Industry Urged PMO Against Implementing Sin Tax on Online Gaming
In a letter, a lawyer representing gaming firms informed the PMOs office that the additional tax burden can impact revenues and impede projected growth significantly, thereby also witnessing a downward trend in the investments which are flowing aplenty into the nascent sector.
Currently, online skill gaming operators pay GST at a rate of 18 % on GGR, wherein GGR is the amount of money that an operator deducts from the total entry fee paid by players for the purpose of playing a specific game. However, reports state that several states have considered a uniform rate of 28 percent on casinos, race courses, and online gaming with no distinction based on whether an activity is a game of skill or chance or both. In the event, the incidence of GST liability is increased to the rate of 28%, then this incremental percentage of about 55% shall lead to a burden on the existing operators and shall be in contravention with the existing terms prescribed for GST that can be levied on online skill gaming as the explanatory note to the chapter that pertains to Other Online Content under the Scheme of Classification of Service specifically states –
“This service code includes games that are intended to be played on the Internet such as role-playing games (RPGs), strategy games, action games, card games, children’s games; software that is intended to be executed online, except game software; mature theme, sexually explicit content published or broadcast over the Internet including graphics, live feeds, interactive performances and virtual activities; content provided on web search portals, i.e. extensive databases of Internet addresses and content in an easily searchable format; statistics or other information, including streamed news; other online content not included above such as greeting cards, jokes, cartoons, graphics, maps.”
A majority of games hosted by such online skill game operators fall under the above category.
The industry has requested Exclusion of “Online Gaming” from Sin/Luxury Goods and Services. Online gaming is being clubbed with casinos and horse riding which can not only be classified as sin goods but is almost exclusively pursued by the elite section of society as opposed to this digital gaming has found a higher uptake amongst users in Tier-2 and Tier-3 cities. Consumers of online games, however, constitute an entirely different demographic, for whom online gaming is a source of affordable and accessible mode of entertainment. Imposing a 28% tax liability on the companies for provisioning of such services would be tantamount to equating luxury goods with that of products of daily use and will invariably make this otherwise affordable commodity to increase in its value and cost, that is passed on to the end users.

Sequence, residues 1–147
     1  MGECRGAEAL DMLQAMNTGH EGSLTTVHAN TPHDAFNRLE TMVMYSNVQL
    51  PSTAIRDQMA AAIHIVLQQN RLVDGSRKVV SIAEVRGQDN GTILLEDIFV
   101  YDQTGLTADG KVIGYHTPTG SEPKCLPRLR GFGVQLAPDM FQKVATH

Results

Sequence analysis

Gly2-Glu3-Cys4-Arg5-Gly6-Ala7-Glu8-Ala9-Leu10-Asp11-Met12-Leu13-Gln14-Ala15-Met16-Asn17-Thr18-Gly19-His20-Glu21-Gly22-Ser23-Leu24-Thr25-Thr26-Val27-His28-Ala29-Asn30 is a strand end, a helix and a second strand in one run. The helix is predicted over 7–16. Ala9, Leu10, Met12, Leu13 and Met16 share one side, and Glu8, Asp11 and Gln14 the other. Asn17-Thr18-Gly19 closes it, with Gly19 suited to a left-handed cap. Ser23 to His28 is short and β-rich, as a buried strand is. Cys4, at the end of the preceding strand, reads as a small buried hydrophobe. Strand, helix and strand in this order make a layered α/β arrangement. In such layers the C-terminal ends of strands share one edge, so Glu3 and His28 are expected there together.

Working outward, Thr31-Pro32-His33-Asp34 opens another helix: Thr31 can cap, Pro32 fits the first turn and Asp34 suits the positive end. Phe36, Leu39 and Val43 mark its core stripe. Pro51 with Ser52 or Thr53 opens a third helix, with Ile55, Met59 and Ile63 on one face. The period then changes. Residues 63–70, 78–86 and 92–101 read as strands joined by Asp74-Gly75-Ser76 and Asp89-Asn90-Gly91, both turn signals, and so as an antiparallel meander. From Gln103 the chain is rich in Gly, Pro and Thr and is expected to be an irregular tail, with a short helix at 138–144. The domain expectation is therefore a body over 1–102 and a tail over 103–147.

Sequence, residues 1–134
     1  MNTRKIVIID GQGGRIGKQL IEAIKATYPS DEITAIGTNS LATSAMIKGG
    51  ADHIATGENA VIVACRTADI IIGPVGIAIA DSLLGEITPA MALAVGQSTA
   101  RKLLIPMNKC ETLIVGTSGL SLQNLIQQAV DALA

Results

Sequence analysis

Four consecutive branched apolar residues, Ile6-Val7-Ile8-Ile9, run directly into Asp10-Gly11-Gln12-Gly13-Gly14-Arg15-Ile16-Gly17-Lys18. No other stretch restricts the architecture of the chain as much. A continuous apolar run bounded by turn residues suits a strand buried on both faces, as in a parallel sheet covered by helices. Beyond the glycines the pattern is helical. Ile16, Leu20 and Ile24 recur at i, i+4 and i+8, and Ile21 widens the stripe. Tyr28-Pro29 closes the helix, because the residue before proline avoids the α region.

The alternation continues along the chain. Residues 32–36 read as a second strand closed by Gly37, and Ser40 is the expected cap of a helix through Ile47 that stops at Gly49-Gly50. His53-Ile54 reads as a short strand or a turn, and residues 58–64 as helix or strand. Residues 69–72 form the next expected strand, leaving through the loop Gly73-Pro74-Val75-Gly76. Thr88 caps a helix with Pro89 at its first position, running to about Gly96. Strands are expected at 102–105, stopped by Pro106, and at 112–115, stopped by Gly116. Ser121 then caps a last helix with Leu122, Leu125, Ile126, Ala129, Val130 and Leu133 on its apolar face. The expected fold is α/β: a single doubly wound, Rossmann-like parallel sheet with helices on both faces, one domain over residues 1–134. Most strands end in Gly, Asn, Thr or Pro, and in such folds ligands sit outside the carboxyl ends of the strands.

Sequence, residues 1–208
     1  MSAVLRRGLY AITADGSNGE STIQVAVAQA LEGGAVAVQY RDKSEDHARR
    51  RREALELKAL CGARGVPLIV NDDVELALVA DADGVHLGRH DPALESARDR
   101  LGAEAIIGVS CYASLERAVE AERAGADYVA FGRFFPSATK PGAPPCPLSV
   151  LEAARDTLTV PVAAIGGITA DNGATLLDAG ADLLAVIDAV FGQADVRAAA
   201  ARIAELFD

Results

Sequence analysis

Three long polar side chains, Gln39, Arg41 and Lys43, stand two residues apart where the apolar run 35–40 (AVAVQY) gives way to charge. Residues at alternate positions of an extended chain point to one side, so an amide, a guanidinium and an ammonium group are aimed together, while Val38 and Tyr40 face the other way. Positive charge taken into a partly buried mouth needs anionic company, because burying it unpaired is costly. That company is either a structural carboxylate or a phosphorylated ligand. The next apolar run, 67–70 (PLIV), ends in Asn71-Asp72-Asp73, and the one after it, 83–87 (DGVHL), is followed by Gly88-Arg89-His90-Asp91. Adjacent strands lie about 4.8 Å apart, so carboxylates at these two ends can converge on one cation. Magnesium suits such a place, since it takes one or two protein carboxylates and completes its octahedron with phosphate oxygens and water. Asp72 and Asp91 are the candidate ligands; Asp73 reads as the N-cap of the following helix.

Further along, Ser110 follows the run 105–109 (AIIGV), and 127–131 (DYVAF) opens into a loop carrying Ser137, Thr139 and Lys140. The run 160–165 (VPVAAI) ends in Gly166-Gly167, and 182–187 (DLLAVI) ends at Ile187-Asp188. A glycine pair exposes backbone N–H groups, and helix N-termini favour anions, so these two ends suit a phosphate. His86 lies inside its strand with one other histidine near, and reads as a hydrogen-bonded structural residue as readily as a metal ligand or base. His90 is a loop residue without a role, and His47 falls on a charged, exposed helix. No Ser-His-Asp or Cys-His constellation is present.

Lack of viability of the increased tax slab and its adverse effect on user retention: As of now, most of the operators are in a nascent stage of their growth and are rarely profitable. This additional tax burden can further impact on their revenues and impede their projected growth significantly, thereby also witnessing a downward trend in the investments which are flowing into this sector, aplenty. Absorbing this additional cost will further erode the revenue for the operators. While very few established players may be able to do the same, most others will fall by the wayside. For many of these players, passing the additional cost to its consumers is also not viable. The growth in the broader online gaming space is coming majorly from tier II and tier III cities where consumers are extremely sensitive to costs and any additional burden may rather mean that the operators lose out on consumers as costs become prohibitive for a vast majority of them – which will also impact the reliance on digital payment systems, who have witnessed an increased uptake by these users. Please note that this is going to be the case irrespective of whether the gross-gaming revenue is taxed at 28% or the deposit amount. While the latter will result in an almost immediate impact, the former will lead to a slow demise of many operators with possibly an exception of a handful of already established and profitable enterprises.
Impact on Foreign Direct Investment: In this post-pandemic world, many of the start-ups across sectors are facing a major funding crunch which has also led to mass lay-offs. As the excess liquidity dries up from the market, particularly driven by rate hikes in the United States, investors are likely to turn even more judicious in their fund allocation and would expect more and more of their portfolio companies to turn profitable. This additional tax burden, at this stage could then make that even more difficult. This could mean a major drop in the FDI as well.
Hazards of other illegal betting platforms outside of India: Given that most of the operators in the industry are start-ups, it is likely that the costs will be pushed to them. It is also well-known that there are several fly-by-night operators in this space which are being operated from outside the jurisdiction of the country and are not amenable to Indian taxation regime. If a more onerous taxation regime is introduced increasing the costs associated with usage of gaming platforms, such platforms operated by fly-by-night operators will become an attractive spot for the Indian users to move on to, instead of being subject to any higher costs, fees that they may be subject to with Indian platforms. Any increased cost is likely to push consumers away from such operators which not only means that the growth of domestic players will be stunted but also expose the consumers to several potential fraud and even online harm from such fly-by-night operators. This will consequently result in a significant revenue loss and perhaps an increase in unaccounted monies which could then be used for illegitimate activities detrimental to our nation.